A Guide to Understanding Different Check Engine Codes and What They Mean

Using,a,scan,tool,for,auto,repair,diagnostics,and,checkModern cars are equipped with a variety of sensors that monitor different components of the vehicle and ensure they are running optimally. When a problem arises, these sensors trigger the check engine light on your dashboard and generate specific codes to help diagnose the issue. However, understanding these check engine codes can be a daunting task for many car owners. In this guide, we will explore the most common check engine codes and what they mean.

Code P0300: Random/Multiple Cylinder Misfire Detected

The P0300 code indicates that the engine’s computer has detected a random or multiple cylinder misfire. This means that multiple cylinders in your engine are not firing properly, leading to a rough idling or a noticeable decrease in performance. Possible causes for this code include faulty spark plugs, ignition coils, fuel injectors, or a problem with the engine’s compression.

Code P0171: System Too Lean (Bank 1)

The P0171 code indicates that the engine is running with too much air and too little fuel in bank 1 of the engine. This can occur due to a vacuum leak, a faulty mass airflow sensor, or a problem with the fuel system. A lean air-fuel mixture can cause rough idling, hesitation in acceleration, and poor fuel economy.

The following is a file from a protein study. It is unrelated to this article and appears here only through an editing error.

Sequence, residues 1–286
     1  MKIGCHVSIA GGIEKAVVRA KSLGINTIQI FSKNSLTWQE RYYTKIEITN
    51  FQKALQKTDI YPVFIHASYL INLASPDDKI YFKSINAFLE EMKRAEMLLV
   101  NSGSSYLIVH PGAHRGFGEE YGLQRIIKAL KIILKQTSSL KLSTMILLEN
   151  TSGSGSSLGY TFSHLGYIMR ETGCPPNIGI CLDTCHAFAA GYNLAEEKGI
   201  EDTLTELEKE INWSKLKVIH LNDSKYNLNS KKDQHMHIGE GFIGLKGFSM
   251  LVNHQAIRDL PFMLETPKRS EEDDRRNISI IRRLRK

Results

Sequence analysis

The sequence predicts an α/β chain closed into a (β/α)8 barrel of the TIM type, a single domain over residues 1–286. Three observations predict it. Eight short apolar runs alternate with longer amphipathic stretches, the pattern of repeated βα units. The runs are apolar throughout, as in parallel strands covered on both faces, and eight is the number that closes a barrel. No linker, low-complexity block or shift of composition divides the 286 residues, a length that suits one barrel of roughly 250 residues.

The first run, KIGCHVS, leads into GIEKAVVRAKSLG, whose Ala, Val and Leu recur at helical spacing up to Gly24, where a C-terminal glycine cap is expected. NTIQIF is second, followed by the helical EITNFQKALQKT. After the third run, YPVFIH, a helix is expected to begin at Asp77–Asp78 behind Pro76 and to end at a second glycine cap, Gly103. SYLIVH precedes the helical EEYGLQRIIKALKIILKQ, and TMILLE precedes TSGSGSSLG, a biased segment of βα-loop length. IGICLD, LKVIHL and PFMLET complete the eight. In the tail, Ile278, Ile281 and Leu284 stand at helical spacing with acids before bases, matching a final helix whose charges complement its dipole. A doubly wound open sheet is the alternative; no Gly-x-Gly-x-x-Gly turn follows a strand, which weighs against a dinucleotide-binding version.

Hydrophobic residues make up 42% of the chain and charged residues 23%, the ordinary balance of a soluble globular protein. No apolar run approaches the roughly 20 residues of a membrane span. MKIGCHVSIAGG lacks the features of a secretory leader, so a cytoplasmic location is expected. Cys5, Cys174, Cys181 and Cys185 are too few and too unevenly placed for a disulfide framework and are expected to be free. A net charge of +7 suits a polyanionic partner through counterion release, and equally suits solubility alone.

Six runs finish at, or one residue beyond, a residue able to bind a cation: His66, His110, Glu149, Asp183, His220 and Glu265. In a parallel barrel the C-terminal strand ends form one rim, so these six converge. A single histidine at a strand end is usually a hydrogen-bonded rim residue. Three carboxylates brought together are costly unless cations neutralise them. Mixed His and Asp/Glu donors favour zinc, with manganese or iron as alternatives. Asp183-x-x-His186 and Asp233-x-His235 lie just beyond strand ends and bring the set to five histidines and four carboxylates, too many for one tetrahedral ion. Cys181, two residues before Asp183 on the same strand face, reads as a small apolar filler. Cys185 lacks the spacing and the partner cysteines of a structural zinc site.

Code P0420: Catalyst System Efficiency Below Threshold (Bank 1)

The P0420 code generally indicates a problem with the catalytic converter in bank 1 of the engine. This code typically points to a catalyst system’s inefficiency, implying that the catalytic converter is not reducing emissions as effectively as it should. Possible causes for this code include a faulty oxygen sensor, a damaged catalytic converter, or an exhaust leak.

Code P0442: Evaporative Emission System Leak Detected (small leak)

The P0442 code indicates a small leak in the evaporative emission system of the vehicle. The evaporative emission system prevents harmful fuel vapors from escaping into the atmosphere. A small leak can occur due to a loose or faulty gas cap, a cracked or disconnected purge valve hose, or a leak in the fuel tank or associated components. While this code does not typically affect the drivability of the vehicle, it is essential to address it to prevent further damage to the environment.

Code P0401: Exhaust Gas Recirculation (EGR) Flow Insufficient

The P0401 code indicates that there is insufficient flow detected in the exhaust gas recirculation (EGR) system. The EGR system helps reduce nitrogen oxide emissions by recirculating a portion of the exhaust gases back into the engine combustion chambers. A clogged or malfunctioning EGR valve, carbon buildup in the EGR system, or a faulty EGR sensor can all cause this code. Symptoms may include rough idling, poor acceleration, and increased fuel consumption.


Understanding the various check engine codes your car’s computer generates can provide valuable insight into potential issues with your vehicle. While these codes can seem complicated, they serve as an essential starting point for diagnosing problems and preventing further damage. If you encounter a check engine light, it is best to consult a professional mechanic or use a diagnostic tool to read the codes accurately. Remember, timely identification and resolution of these issues can help keep your car running smoothly and avoid costly repairs in the future.

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